According to Kitashima, the briefs are based on what is occurring at the time. If there are liberty incidents or misconduct, the presenters put more weight on such topics because the Marine Corps wants to prevent incidents from happening again in the future.

    “Be professional, we are here to represent all of the U.S.,” Timothy J. Morello, deputy assistant chief of staff of G-7, Government and External Affairs, Marine Corps Installations Pacific, stated during his session.

    Morello talked about how an incident such as driving under the influence would have a tremendous impact on the community. He emphasized that if people do not obey the law in Japan, they will serve time in Japanese prison.

    “‘Not One Drop’ campaign is real,” he said, referring to the Marine Corps' campaign against drinking and driving. In Okinawa, the blood alcohol content for a DUI is only 0.03% (0.3mg/ml), vice 0.08% (0.8mg/ml) for the U.S.: one drink is enough to put people over the limit.

    One participant—who only wanted to be identified by her first name, Jennifer—had never been to Okinawa and attended the brief with her children. Although many portions were geared more to adults, having teenagers, she appreciated the information because it helps them understand how their behavior can make a difference in the community.

    “A lot of information focused on expectations and rules, and community relations that we realized are important as well, but the cultural information after lunch, we really enjoyed,” said Jennifer. “It helps us feel like we know a little more about coming into our new home.”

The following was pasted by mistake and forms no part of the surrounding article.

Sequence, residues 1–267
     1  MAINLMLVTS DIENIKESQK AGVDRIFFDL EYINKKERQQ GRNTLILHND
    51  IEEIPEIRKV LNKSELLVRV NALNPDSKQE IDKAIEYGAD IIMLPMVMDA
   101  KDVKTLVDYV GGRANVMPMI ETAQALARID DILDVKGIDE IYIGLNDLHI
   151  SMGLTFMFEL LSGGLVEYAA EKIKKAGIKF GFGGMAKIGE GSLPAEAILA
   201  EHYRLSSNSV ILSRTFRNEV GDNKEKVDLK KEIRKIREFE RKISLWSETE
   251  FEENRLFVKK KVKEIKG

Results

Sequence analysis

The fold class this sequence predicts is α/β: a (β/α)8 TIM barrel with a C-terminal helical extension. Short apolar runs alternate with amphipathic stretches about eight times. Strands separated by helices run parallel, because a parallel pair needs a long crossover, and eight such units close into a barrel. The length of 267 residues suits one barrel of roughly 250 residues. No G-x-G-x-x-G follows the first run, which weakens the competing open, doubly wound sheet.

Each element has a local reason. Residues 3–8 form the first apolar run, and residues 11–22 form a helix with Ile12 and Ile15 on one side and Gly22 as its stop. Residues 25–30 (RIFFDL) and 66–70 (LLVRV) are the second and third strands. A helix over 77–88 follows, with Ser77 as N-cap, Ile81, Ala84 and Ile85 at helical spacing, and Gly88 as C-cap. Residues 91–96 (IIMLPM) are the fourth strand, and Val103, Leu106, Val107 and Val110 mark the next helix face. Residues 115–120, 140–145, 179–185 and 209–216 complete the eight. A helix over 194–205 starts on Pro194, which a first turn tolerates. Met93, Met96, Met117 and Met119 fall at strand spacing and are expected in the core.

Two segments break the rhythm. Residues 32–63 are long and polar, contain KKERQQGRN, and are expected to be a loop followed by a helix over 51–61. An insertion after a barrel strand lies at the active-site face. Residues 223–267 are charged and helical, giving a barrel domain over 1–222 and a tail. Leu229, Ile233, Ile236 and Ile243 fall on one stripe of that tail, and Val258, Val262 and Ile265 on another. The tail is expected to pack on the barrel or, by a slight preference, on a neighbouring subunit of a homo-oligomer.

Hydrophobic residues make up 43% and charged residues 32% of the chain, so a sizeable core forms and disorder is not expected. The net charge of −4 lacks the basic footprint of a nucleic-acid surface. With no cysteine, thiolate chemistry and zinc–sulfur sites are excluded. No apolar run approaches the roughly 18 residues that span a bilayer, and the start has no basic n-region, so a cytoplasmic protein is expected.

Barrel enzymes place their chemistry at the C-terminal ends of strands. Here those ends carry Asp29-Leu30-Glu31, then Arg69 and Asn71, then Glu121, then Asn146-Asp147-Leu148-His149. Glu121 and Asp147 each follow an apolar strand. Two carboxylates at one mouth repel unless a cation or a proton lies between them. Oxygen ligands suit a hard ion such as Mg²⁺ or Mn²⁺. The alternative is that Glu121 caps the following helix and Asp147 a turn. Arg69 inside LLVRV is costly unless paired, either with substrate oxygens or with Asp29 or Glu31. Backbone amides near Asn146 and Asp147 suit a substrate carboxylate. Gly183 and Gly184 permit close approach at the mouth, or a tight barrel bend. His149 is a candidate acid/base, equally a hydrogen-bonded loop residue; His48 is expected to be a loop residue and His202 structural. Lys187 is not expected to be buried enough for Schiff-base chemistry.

Her 15 year-old son expressed that the biggest takeaway was the cultural awareness dos and don’ts in Japan, and the water safety video because, though they have been around many beach communities, they have never been to beaches with reefs and numerous diving locations.

    Newcomers to Okinawa also have to complete NOWA before being eligible to receive driving privileges in Okinawa. Those with a valid driver's license that wish to drive, will watch a 10-minute video which gives an idea of how to drive in Okinawa and take the driving test at the end of NOWA.

    The highest obstacle will be driving on the opposite side of the road from the states, and the speed limits marked in kilometers per hour. The video shows narrower roads compared to standard American roads, traffic congestion, and explains coral dust-laden roads being slick when it rains.

    As the first in-person brief in nearly two years, this class was smaller than years past, with only 66 participants. Future briefs are expected to garner more than 100 participants as the summer PCS (permanent change of station) season ramps up.
















     海兵隊の飲酒運転撲滅キャンペーン「ノット・ワン・ドロップ(一滴もダメ)」は言葉通りだ」とモレロ氏。アメリカでは飲酒運転の血中アルコール濃度は 0.08%(0.8mg\ml)だが、沖縄では 0.03%(0.3mg\ml)であり、一杯でも飲めば基準値を超えてしまう。


     「多くの情報は、期待や規則、地域社会との関係性に焦点を当てたもの でしたが、それらもまた重要であることがわか りました」とジェニファーさん。「しかし、昼食後の異文化紹介は、本当に楽しいものでした。新しい土地で暮らすにあたって、より多くのことを知ることができたと思います。」







    Date Taken: 09.12.2022
    Date Posted: 10.02.2022 19:50
    Story ID: 430442
    Location: OKINAWA, JP

    Web Views: 224
    Downloads: 0